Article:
During a corporate briefing to construction journalists during the Newport, RI, stopover of the Volvo Ocean Race, Göran Lindgren, president of Region America, Volvo Construction Equipment (Volvo CE), outlined the company’s approach to premium vs. value branding of specific product segments.
Although the Volvo Group’s truck business already has a well-established multi-brand strategy in place, Volvo CE is relatively new to the concept, particularly in North America. It only recently began selling wheel loaders produced by Chinese manufacturer Shandong Lingong Construction Machinery Co. (SDLG) and now Terex Trucks following the acquisition of the truck line from Terex Corp. last year.
The three brands are being strategically positioned to meet specific customer demands. “If you look at the brands we are managing, we have Volvo, which is the premium brand and then we have two value brands,” said Lindgren. “SDLG is actually No. 1 in North America when you measure us against the other Chinese manufacturers, and we’re growing in number of outlets, and we’re also adding more wheel loaders.”
Terex Trucks, which can continue to be sold under the Terex brand name for approximately five years under the purchase agreement, are also being positioned as a value brand. In both cases, the distinction is technical complexity over cost.
“You need to have a strategy. You can’t just collect a lot of different brands,” Lindgren noted, adding that this can lead to cannibalization of sales between brands. “One simplified way to look at this from our point of view is you will have a technology level that is lower with SDLG [and Terex Trucks], but so is the price.”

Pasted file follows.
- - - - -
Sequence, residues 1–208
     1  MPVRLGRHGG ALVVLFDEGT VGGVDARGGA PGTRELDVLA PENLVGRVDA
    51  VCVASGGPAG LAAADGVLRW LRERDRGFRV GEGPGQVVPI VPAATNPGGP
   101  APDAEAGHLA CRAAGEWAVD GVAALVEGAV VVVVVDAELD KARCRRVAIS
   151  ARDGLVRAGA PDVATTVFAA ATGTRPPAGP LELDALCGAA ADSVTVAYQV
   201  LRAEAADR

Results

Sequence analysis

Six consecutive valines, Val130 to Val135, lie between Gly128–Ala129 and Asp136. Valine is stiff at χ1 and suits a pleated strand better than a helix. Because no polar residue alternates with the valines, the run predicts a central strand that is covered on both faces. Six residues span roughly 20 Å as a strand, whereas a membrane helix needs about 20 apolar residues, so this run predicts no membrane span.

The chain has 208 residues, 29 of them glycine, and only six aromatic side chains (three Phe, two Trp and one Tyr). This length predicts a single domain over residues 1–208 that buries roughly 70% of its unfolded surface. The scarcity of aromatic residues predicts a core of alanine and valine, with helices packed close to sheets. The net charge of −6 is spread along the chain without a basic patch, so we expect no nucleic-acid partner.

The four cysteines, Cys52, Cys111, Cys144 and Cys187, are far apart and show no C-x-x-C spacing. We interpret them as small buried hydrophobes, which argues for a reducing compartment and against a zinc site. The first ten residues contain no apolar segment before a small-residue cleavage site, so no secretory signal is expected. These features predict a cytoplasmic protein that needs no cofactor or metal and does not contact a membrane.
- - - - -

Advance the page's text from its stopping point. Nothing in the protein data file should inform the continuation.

This strategy is based in global market trends. “When you’re looking at the world markets, [there is a] 72% to 73% trend in value products and it’s a downward trend for premium,” Lindgren indicated. For example, in Argentina, 80% of the wheel loader market consists of value brands and the other 20% sold are premium models. “In North America, the ratio is different.”
As a global supplier, Volvo CE saw the need to meet demand on both sides of the equation. “We need to participate,” Lindgren stated, “and if you want to provide your customers with a good offering, you need to provide [both products], so that is how we position ourselves.”
More Supermarket Selections?
Lindgren also announced that Volvo intends to extend its “supermarket approach” for equipment delivery beyond its paver line.
The program currently enables the company’s road building segment to deliver pavers within 30 calendar days of the order being placed with the dealer. Pavers are built “to stock” at the company's facilities in Pennsylvania and carried in inventory. Then, once an order is placed, the stock machine and its parts are delivered along with any custom options and components requested by the customer. This method facilitates a substantially faster delivery turnaround compared to industry average.
According to Lindgren, a similar concept is being extended to a pilot project for small wheel loaders produced at the company’s Shippensburg, PA, facilities, with the intention to eventually expand the program to other equipment produced at that location. No time table has yet been assigned for full implementation for the small loader line.